In a brief post, Gene Callahan continues his pious and hard-fought crusade against John Locke and his “juvenile philosophy.” The poor philosopher’s ghost would respond, but he is too busy homesteading land in Gehenna, and so the task has been outsourced to me.
Inasmuch as Dr. Callahan merely means to point out that few modern land titles can be legitimated on purely Lockean grounds, I see little to cavil at. But from this he draws the conclusion that any homesteading theorist should endorse land redistribution, which is a non sequitur. Surely one can accept the Lockean homesteading principle without making it the sole means of legitimization. On this view, the theft itself was clearly wrong (as it violated the homesteading principle), but certain other factors might still justify the present owner’s retention of it. (Was there a clear heir? How many times has the property changed hands, and what did the various buyers know? Did the heirs long ago abandon any claim to the land? Etc.) Indeed, how is the Lockean in a different position from any other property theorist who is not willing (say) to justify the theft of land from the American Indians, but is equally unwilling to terminate long-standing land titles?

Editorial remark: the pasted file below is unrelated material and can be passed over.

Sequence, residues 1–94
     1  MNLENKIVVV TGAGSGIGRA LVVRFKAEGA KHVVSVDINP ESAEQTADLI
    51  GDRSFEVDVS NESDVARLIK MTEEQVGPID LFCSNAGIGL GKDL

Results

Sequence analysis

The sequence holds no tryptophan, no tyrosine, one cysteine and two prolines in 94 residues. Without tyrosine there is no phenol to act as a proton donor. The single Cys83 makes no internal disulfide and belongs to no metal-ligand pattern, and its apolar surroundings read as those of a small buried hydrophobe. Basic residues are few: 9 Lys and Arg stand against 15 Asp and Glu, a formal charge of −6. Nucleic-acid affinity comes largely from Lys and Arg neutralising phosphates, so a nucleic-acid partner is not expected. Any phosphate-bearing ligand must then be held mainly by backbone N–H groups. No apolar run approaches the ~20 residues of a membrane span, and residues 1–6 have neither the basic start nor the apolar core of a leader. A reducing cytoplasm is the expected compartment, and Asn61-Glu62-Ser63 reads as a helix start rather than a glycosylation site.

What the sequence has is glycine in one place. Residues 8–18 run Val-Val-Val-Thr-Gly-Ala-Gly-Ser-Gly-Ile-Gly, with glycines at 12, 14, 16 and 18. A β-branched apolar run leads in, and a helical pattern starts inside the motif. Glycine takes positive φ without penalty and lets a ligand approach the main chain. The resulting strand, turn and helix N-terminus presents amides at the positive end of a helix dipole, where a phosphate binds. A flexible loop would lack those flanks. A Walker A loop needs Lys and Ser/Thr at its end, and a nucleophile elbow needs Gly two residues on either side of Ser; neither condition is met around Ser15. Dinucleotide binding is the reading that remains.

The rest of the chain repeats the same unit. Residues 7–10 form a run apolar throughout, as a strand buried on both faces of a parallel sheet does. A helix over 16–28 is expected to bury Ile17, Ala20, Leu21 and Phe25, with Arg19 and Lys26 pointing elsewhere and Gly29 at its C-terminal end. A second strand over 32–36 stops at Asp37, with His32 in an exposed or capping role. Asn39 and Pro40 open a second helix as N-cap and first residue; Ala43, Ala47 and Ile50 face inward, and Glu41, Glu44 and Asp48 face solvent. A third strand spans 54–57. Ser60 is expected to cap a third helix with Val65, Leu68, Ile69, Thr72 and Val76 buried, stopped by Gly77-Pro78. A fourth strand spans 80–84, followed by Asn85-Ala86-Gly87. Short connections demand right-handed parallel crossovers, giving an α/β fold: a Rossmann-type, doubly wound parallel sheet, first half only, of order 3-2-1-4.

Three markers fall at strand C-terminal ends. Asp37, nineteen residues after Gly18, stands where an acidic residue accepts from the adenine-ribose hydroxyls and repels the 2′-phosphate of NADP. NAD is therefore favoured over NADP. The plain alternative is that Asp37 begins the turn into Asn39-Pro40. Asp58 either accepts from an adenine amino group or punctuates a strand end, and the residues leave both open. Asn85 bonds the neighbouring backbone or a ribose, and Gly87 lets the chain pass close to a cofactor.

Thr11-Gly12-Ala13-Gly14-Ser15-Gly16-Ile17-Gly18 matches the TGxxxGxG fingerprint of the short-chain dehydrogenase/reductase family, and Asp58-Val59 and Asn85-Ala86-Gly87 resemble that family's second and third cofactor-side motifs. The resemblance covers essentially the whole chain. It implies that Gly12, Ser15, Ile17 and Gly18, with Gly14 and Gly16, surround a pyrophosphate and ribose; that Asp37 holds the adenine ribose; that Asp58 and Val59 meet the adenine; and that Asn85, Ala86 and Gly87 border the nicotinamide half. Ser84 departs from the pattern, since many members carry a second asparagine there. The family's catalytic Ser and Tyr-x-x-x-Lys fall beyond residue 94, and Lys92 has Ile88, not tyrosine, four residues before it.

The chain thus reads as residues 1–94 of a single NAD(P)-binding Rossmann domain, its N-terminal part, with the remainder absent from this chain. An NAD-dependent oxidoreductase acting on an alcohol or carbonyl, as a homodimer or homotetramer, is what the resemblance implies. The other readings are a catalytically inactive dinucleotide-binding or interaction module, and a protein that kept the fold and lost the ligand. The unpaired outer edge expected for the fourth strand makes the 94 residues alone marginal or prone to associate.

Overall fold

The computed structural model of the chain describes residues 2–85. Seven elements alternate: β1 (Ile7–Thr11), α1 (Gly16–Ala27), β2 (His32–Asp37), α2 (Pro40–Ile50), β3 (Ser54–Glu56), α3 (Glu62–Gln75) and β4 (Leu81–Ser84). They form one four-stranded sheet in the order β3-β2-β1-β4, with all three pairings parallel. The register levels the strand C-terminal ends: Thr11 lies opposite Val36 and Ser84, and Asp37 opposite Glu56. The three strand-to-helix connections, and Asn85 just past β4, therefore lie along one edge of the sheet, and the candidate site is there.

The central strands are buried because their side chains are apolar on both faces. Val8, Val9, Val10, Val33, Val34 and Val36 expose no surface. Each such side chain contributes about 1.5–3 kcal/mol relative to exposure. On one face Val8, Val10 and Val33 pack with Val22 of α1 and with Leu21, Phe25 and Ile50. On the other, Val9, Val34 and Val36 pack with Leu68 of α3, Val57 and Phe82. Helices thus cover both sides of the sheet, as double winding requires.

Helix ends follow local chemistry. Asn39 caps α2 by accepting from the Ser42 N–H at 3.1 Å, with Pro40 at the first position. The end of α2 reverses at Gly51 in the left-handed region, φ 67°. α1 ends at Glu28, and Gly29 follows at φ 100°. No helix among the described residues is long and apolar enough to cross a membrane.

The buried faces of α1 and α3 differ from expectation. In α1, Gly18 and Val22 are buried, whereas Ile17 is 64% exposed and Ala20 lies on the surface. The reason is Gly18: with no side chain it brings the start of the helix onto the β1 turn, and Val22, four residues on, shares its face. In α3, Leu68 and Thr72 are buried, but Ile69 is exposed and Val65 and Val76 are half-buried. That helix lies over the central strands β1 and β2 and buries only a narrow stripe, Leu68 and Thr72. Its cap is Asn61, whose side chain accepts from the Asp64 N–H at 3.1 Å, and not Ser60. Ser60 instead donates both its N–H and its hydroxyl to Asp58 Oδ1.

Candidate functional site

Ultimately, the significance of the homesteading principle is not that it justifies most modern land titles (it doesn’t). Its significance lies in several other things that it does show: 1. A monarch cannot legitimately claim “property” in all the land located within his territory. 2. More broadly, unhomesteaded resources remain in the common possession of humanity until homesteaded. 3. Inasmuch as governments are not the source of property rights, it is coherent (though not necessarily correct) to argue that they were established for the purpose of securing pre-existing property rights.